Quotation of the Day:  The man who can drive himself further once the effort gets painful is the man who will win. -Roger Bannister

1-http://www.history.com/this-day-in-history/first-four-minute-mile

2-http://historymatters.gmu.edu/d/4970/

April 30: Advantageous Day

On this day in 1939, New York Yankee first baseman Lou Gehrig played his 2,130th consecutive major league game.  The game he played that day against the Washington Senators would also be the final game of his career. Not long after his final game, Gehrig learned that he had an incurable and fatal disease, amyotrophic lateral sclerosis (ALS) — a disease known today as Lou Gehrig’s disease.  

Lou Gehrig as a new Yankee 11 Jun 1923.jpgIn his 17 seasons, all as a Yankee, Gehrig was a World Series champion six times, an All-Star seven consecutive times, an American League Most Valuable Player twice, and a Triple Crown winner once.  Gehrig was the first major league baseball player to have his number (4) retired, and he was elected to the Baseball Hall of Fame in Cooperstown, New York in 1939.

In June 1939, the New York Yankees officially announced Gehrig’s retirement, and on July 4, 1939, they invited him to speak at Lou Gehrig Appreciation Day (1).

On that day, Gehrig gave what has become not just one of the single most memorable speeches in sports history, but one of the most memorable speeches in history, period.

It was a speech of startling magnanimity.  Everyone in Yankee Stadium that day came to honor Gehrig and to share the sorrow of a career and a life that would be cut short.  Under the circumstances, it would be natural for the speaker to give a mournful, gloomy speech about himself, about his bad luck, and about all he had lost.  Instead, Gehrig spoke in positive and thankful tones, focusing not on himself but on all the people who helped to make him the “luckiest man in the world.”

Fans, for the past two weeks you have been reading about the bad break I got. Yet today I consider myself the luckiest man on the face of the earth.

I have been in ballparks for seventeen years and have never received anything but kindness and encouragement from you fans. Look at these grand men. Which of you wouldn’t consider it the highlight of his career just to associate with them for even one day?

Sure I’m lucky.

Who wouldn’t consider it an honor to have known Jacob Ruppert? Also, the builder of baseball’s greatest empire, Ed Barrow? To have spent six years with that wonderful little fellow, Miller Huggins? Then to have spent the next nine years with that outstanding leader, that smart student of psychology, the best manager in baseball today, Joe McCarthy?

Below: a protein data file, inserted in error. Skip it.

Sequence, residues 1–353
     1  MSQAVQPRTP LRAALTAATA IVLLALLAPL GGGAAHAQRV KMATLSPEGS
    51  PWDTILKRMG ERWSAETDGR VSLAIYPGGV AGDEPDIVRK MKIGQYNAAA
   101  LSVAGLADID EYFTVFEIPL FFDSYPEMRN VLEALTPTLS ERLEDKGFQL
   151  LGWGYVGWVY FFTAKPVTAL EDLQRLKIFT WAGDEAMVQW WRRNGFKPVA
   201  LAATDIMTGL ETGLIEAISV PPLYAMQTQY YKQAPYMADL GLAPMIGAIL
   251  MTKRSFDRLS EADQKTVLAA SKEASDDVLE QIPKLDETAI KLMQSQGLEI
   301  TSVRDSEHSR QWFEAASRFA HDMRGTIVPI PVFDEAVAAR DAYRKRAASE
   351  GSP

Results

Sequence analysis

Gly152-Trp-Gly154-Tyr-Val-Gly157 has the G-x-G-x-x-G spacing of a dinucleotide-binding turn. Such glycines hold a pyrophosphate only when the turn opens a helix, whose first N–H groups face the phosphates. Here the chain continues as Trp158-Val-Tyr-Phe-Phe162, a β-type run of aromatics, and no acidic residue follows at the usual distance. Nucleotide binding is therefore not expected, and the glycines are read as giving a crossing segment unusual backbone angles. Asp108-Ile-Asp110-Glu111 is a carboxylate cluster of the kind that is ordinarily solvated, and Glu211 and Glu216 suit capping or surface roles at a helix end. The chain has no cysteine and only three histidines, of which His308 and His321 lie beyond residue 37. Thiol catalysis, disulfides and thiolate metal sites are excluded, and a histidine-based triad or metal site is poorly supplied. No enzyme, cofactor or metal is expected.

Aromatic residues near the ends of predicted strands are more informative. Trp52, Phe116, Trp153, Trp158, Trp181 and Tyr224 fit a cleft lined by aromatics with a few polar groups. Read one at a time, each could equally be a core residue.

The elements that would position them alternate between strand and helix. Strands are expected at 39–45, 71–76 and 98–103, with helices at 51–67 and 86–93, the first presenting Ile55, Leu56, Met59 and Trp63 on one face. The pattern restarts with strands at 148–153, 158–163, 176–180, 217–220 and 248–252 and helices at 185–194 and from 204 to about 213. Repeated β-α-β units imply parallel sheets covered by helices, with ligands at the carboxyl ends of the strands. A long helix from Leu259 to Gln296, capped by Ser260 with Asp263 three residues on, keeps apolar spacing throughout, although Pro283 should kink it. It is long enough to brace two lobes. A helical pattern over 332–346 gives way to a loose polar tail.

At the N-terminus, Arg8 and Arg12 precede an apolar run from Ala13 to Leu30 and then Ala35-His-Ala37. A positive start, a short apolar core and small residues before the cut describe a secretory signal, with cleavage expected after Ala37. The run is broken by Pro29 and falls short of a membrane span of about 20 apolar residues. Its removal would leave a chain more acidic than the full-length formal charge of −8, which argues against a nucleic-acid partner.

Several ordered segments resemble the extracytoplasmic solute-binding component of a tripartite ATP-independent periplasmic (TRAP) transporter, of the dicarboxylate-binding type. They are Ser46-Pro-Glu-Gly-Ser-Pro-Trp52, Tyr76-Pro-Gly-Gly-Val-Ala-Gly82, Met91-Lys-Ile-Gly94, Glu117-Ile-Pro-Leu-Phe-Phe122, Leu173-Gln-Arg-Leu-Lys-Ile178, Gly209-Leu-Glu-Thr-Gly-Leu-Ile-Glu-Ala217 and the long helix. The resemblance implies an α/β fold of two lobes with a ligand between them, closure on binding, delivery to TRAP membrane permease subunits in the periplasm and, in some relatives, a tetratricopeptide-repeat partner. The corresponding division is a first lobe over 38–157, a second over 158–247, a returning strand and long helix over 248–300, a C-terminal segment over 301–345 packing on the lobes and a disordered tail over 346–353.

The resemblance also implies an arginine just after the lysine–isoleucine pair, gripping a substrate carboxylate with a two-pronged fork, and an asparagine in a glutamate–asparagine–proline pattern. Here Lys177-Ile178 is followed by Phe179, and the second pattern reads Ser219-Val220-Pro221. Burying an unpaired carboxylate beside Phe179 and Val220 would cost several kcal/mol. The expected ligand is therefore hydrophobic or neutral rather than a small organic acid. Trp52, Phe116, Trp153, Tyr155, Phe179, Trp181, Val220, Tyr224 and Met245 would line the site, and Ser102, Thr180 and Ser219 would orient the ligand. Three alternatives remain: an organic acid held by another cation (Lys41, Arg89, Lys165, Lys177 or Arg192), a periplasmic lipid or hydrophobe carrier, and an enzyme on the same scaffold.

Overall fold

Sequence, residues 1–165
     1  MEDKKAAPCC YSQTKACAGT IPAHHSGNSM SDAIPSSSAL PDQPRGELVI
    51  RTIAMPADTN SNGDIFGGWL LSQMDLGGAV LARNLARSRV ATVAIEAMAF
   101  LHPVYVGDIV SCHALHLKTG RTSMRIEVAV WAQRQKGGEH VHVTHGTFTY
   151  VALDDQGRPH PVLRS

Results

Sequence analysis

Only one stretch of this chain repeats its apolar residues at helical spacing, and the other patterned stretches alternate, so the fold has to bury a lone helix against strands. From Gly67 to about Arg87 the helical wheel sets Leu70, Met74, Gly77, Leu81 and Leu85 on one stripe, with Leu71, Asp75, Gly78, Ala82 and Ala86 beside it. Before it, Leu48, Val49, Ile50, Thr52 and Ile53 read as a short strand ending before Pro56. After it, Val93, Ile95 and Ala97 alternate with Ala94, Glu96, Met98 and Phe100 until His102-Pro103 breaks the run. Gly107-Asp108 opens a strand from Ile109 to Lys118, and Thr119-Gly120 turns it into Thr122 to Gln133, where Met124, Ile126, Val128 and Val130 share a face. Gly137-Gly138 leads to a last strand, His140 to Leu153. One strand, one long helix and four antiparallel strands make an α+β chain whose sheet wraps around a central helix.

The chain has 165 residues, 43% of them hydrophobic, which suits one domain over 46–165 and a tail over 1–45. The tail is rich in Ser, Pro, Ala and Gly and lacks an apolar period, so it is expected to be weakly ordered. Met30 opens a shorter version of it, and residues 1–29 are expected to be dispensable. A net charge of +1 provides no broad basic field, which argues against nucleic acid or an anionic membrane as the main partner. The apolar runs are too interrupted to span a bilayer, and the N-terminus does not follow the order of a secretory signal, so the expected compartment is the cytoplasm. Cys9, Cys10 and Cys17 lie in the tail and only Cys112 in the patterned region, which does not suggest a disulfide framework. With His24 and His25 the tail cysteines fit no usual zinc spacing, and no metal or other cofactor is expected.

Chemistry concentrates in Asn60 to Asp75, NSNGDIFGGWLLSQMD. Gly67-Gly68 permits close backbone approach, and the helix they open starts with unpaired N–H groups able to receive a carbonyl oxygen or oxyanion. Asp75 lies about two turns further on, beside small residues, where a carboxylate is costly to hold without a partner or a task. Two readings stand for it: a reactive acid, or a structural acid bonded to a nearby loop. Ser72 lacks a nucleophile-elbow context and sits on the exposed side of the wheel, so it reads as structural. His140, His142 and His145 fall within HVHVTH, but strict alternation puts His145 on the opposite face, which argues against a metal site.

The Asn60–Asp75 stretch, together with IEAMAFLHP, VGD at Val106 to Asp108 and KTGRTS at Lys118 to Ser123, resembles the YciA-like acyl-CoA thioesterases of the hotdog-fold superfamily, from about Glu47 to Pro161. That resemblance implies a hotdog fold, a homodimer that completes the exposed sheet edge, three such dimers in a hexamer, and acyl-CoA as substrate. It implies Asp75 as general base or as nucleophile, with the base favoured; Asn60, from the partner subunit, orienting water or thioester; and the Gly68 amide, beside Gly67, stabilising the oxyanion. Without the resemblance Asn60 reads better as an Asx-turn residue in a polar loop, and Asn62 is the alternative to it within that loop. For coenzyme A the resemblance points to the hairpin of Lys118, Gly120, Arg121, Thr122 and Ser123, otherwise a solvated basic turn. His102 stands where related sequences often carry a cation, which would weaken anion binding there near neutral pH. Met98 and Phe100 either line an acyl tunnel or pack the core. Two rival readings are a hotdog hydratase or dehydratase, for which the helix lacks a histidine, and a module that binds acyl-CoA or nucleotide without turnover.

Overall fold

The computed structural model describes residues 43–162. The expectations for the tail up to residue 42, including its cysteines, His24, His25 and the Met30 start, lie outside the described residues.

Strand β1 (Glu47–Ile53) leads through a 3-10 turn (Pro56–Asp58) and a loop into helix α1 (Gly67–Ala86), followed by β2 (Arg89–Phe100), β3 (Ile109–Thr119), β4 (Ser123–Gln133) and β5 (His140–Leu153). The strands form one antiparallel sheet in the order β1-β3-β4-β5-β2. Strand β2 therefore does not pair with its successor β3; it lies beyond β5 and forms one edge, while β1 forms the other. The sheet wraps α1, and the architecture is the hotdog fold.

Sure I’m lucky.

When the New York Giants, a team you would give your right arm to beat, and vice versa, sends you a gift – that’s something. When everybody down to the groundskeepers and those boys in white coats remember you with trophies — that’s something.

When you have a wonderful mother-in-law who takes sides with you in squabbles with her own daughter — that’s something.

When you have a father and a mother who work all their lives so you can have an education and build your body — it’s a blessing.

When you have a wife who has been a tower of strength and shown more courage than you dreamed existed — that’s the finest I know.

So, I close in saying that I might have been given a bad break, but I’ve got an awful lot to live for.

The effectiveness of Gehrig’s speech illustrates an ancient principle of rhetoric.  Aristotle taught that giving a speech is about much more than just what you want to say; instead, it’s important to consider the audience.  The Aristotelian triangle is a model that helps speakers and writers assess the rhetorical situation. The triangle’s three points are the speaker, the subject, and the audience. Looking at all three points of the triangle reminds us that the speaker is only one part of the formula for successful persuasion.  Truly successful speakers, like Gehrig, must appeal to the audience’s advantage. Therefore, when we think about our purpose in speaking, we should not just ask, “What’s in it for us?” Instead, we should ask, “What’s in it for them?”  As the American humorist, Will Rogers put it: “When you go fishing you bait the hook, not with what you like, but what the fish likes” (2).

Winning rhetoric always employs “The Advantageous” by considering the rhetorical situation from the audience’s point of view.  Gehrig might have made his speech all about himself; instead, he made his message much more inclusive by considering his audience.  His thankful and optimistic tone transformed a seemingly sad, hopeless occasion into a positive, hopeful reminder of the indomitable nature of the human spirit.

Today’s Challenge:  Aristotle, Ads, and Addresses

What are some examples of great speeches or classic advertisements where the speaker or the writer has employed the advantageous for effective persuasion?  Analyze a specific speech or advertisement that is an example of effective persuasion. Use the Aristotelian Triangle to discuss the relationship between the speaker, the audience, and the subject.  How did the speaker specifically relate and appeal to his or her audience to effectively fulfill the purpose? (Common Core Writing 2 – Expository)